Microsoft recently introduced the Surface Pro 9, and in addition to being one of the best Surface PCs on the market, it’s also the best Windows tablet you can buy right now. However, it is far from a perfect device. But as is typical in the tech world, we’re always looking forward to what’s next. We’ve got our eyes on the Surface Pro 10, even after a year.
We still have some time to wait, but we have some ideas for what we’d like to do differently next time. Here’s what we want to see when the Surface Pro 10 makes its debut.
Feature parity in the 5G model
With the Surface Pro 9, Microsoft has merged it with the Surface Pro X brand. Because of this, the chassis had to be thicker so that the Arm model could use the same cases as the Intel model. Despite this change, it missed out on some improvements.
For example, the Intel model comes with Thunderbolt 4 and LPDDR5 memory. It might be too much to ask Windows on an Arm PC to be Thunderbolt 4, but USB4 is a nice touch. The problem is that the Snapdragon 8cx Gen 3 under the hood is an older processor than the Intel 12th Gen or AMD Ryzen 6000, so it doesn’t support USB4 or LPDDR5. This should change with the chipset included in the next model. – Rich Woods
Colors for the 5G version
On the topic of parity between the 5G and Wi-Fi models, it would be nice if Microsoft brought some color to the Surface Pro 10 5G model. think about it; The first Surface Pro model to come in a color other than Platinum was the Arm-based Pro X. In fact, it was at the beginning the only available in black, with a platinum model coming later.
Unfortunately, if you want to stick with Arm processors, Microsoft has removed this option. The fancy new colors that Microsoft added to the Wi-Fi model aren’t even available in the 5G option. That makes even less sense when you consider that Microsoft’s 5G version went through the trouble of matching Intel’s model, which means the chassis is essentially the same. However, only the Intel model gives you color options. The colors make this a much more interesting device and hopefully the 5G version will have them next time around. – Juan Carrasqueira
When Microsoft redesigned the Surface Pro line with the Pro 8, the new design had some flaws. In an attempt to modernize the tablet, Microsoft decided to get rid of the classic USB Type-A ports in favor of Thunderbolt, but some of us are not ready to make this change. Many peripherals still use USB Type-A, and we like to use them with the Surface Pro 10 without the need for adapters. After all, Surface Pro 8 and 9 are thicker Compared to the Pro 7, there should be enough room for them.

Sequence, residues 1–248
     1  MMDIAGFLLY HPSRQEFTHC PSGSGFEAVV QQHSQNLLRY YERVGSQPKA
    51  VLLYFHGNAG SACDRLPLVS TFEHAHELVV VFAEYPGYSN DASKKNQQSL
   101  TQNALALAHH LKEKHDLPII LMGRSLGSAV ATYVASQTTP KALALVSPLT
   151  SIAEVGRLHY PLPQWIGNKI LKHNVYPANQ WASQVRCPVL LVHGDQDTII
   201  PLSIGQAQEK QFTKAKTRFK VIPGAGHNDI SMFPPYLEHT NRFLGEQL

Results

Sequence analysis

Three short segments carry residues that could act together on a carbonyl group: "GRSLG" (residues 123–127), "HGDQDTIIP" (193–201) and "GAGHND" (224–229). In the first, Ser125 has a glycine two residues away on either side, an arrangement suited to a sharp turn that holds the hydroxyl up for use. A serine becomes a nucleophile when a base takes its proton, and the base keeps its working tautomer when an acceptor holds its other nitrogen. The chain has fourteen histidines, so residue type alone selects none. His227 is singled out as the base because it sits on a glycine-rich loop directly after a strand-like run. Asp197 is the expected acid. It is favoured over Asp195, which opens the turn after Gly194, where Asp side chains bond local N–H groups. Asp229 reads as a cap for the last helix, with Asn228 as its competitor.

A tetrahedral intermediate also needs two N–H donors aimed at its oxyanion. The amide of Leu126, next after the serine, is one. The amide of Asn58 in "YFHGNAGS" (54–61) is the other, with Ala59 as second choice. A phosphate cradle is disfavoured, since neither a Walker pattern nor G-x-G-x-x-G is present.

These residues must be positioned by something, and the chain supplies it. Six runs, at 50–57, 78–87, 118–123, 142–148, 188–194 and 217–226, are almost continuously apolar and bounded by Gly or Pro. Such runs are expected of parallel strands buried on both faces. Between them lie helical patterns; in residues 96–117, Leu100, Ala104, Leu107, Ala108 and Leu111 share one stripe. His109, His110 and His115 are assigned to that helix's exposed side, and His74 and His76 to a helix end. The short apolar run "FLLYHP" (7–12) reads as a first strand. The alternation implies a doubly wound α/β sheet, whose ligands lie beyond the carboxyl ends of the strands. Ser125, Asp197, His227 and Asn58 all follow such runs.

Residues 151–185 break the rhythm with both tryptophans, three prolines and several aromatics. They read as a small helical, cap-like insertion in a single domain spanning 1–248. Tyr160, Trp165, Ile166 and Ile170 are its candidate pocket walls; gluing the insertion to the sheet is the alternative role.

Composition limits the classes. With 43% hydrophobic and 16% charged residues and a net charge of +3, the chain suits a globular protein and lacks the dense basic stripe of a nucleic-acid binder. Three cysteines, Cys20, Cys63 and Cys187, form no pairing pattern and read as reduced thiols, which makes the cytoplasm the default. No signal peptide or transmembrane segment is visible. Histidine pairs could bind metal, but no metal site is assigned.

It’s not just USB Type-A. Microsoft also removed the headphone jack with the Surface Pro 9, and it wasn’t even necessary. The Surface Pro 9 has basically the same chassis as the Pro 8, which has a headphone jack, but Microsoft removed it for some reason. Although it is unlikely that will happen, it would be nice to have him back. Microsoft could at least give users an adapter for the 3.5mm headphone jack or the option of a traditional display output like HDMI, as Mini DisplayPort Pro 7 has been removed. At the same time, we expect Microsoft to adopt the next generation. Thunderbolt will probably debut with 13th generation Intel Core processors for laptops. – Joao Carrasqueira, Arif Bacchus
A better keyboard
The Surface Type Cover is a standout feature of the Surface Pro line, but it’s controversial. While the Type Cover is great for typing at a desk, it’s not comfortable to use on your lap. Microsoft is considering a Surface-Book-like detachable keyboard for the Surface Pro 10. Thickening the keyboard deck and surface will certainly help with this.
Brydge, which makes accessories like keyboards for laptops and tablets, has shown that this is possible with the Brydge SP Max+ for the Surface Pro 8. It uses a pin to connect the keyboard directly to the tablet and integrates the body and keyboard for a more rugged experience. If Bridge can do it, why can’t Microsoft? Of course, this comes at a sacrifice in weight and portability, but the premium keyboard option for the Surface Pro 10 will appeal to many users. – Arif Bachus
Well, more graphics power, that is. With the Surface Pro 7 and Surface Pro 7+, Microsoft added Intel 10th and 11th Gen processors. In addition to the big 10nm CPU improvements, Intel has also made major improvements to integrated graphics with Iris Plus on the 10th-gen processors and Iris Xe on the 11th-gen models. With the 12th-gen processors in the Surface Pro 9, the Iris Xe graphics on-chips are essentially the same as their predecessors.
The good news is that Intel’s 13th generation chips are rumored to be another big leap forward in integrated graphics performance. With this boost, it opens up new use cases for such a thin and light device, so it’s better at gaming, editing videos, and more. – Rich Woods
These are the biggest things we really want to see when the Surface Pro 10 hits the market. Of course, there may be something you’d like to see that isn’t mentioned here. It’s important for Microsoft to keep the target audience in mind, so something like a discrete GPU doesn’t make much sense here, but could be on a more niche device.
But with these changes, the Surface Pro 10 could be a really great device. We have to wait and see if our wishes come true or not. Based on past trends, we might see the next-generation Surface Pro model by the end of 2023.